Iraqi MPs to meet in new bid to elect president, end deadlock


Baghdad (AFP) — Lawmakers in crisis-hit Iraq are set to meet Thursday for their fourth attempt this year to elect a new state president and break political gridlock that has sparked protests and deadly violence.

Over a year since its last general elections, Iraq is yet to form a new government to tackle the problems facing the oil-rich country plagued by unemployment, decaying infrastructure and corruption.

This week the United Nations mission warned that “the protracted crisis is breeding further instability” in the war-scarred country, and that the divisive politics are “generating bitter public disillusion”.

Parliament is due to convene from 11:00 am (0800 GMT) in Baghdad’s Green Zone, the capital’s fortified government and diplomatic district that was recently the site of large protest camps set up by rival factions.

If MPs elect a new president, a post now held by Barham Saleh, the new head of state would be expected to quickly nominate a prime minister who would seek to form a government to replace caretaker premier Mustafa al-Kadhemi.

Security was tight on Thursday, with police checkpoints and two bridges in Baghdad closed, creating traffic jams.

Lawmakers made three previous attempts to elect a new head of state, in February and March, but failed to even reach the required two-thirds threshold — 220 out of 329 lawmakers — for a quorum.

Two small opposition parties, totalling 15 MPs, have said they will boycott the vote Thursday.

Democratic institutions built in Iraq since the 2003 US-led invasion that toppled dictator Saddam Hussein remain fragile, and neighbouring Iran wields major influence.

For the past year, Iraq has not only been without a new government, but also without a state budget, locking up billions in oil revenues and obstructing much-needed reforms and infrastructure projects.

Under Iraq’s power-sharing system, meant to avoid sectarian conflict, the state president by convention is Kurdish, its prime minister is a Shiite Muslim and the parliament speaker a Sunni.

30 candidates, three frontrunners

Iraq’s rival Shiite Muslim political factions have been vying for influence and the right to select a new premier and form a government.

On one hand is the fiery cleric Moqtada Sadr, who wants parliament dissolved and new elections.

On the other sits the Coordination Framework — an alliance of pro-Iran Shiite factions, including the former paramilitary Hashed al-Shaabi — that wants a new government before fresh elections are held.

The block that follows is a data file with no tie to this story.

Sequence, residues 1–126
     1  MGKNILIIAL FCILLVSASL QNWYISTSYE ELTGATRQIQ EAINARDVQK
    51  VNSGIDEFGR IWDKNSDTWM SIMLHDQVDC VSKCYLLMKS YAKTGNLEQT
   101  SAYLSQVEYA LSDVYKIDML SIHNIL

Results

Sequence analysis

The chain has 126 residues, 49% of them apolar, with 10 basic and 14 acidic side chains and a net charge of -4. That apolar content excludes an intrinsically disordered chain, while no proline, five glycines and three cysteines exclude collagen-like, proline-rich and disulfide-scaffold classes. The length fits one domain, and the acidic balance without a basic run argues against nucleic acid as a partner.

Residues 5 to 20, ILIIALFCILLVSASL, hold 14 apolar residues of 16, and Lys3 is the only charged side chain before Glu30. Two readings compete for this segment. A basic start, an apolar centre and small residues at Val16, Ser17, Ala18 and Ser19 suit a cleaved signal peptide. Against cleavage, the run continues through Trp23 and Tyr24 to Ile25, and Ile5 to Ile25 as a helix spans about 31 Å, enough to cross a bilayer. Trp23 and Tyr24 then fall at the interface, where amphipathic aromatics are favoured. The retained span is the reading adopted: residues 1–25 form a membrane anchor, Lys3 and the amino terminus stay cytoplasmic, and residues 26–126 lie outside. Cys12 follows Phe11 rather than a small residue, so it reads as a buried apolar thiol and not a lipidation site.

The standoff has seen both sides set up protest camps in recent months. Tensions boiled over on August 29 when more than 30 Sadr supporters were killed in battles between Iran-backed factions and the army.

It remains to be seen how Sadr will react: on Thursday, he posted a message on Twitter merely encouraging children on the start of the school year.

The largely honorific post of Iraqi president generally goes to the Patriotic Union of Kurdistan (PUK), while the Kurdistan Democratic Party (KDP) keeps control over the affairs of autonomous Kurdistan in northern Iraq.

However, the KDP is also eyeing the presidency and could present its own candidate.

“It is still not clear that the Kurdish parties have come to an agreement on a president,” said Hamzeh Hadad, a visiting fellow at the European Council on Foreign Relations think tank.

Among the 30 candidates, top contenders include the incumbent, Saleh of the PUK, aged 61, and current Kurdistan Interior Minister Rebar Ahmed of the KDP, aged 54.

Abdel Latif Rashid, 78, a former water resources minister and PUK leader, is running as an independent.

Next step, new PM

Once elected, the president will nominate a prime minister who needs the backing of the largest bloc in parliament and who then begins arduous negotiations to choose a cabinet.

“What is expected is that whoever is chosen will designate a prime minister right away to form a government,” said Hadad.

Key runners for prime minister include the Coordination Framework’s candidate, former minister Mohammed Shia al-Sudani, 52.

Hadad believes Sudani is the most likely to be premier, but noted that “anything can change in Iraqi politics till the last minute”.

The pro-Iran Coordination Framework draws together the Fatah alliance and lawmakers from the party of Sadr’s longtime foe, former prime minister Nuri al-Maliki.

When Sudani was proposed in July, it sparked mass protests by outraged Sadr supporters, who breached the Green Zone and stormed parliament.

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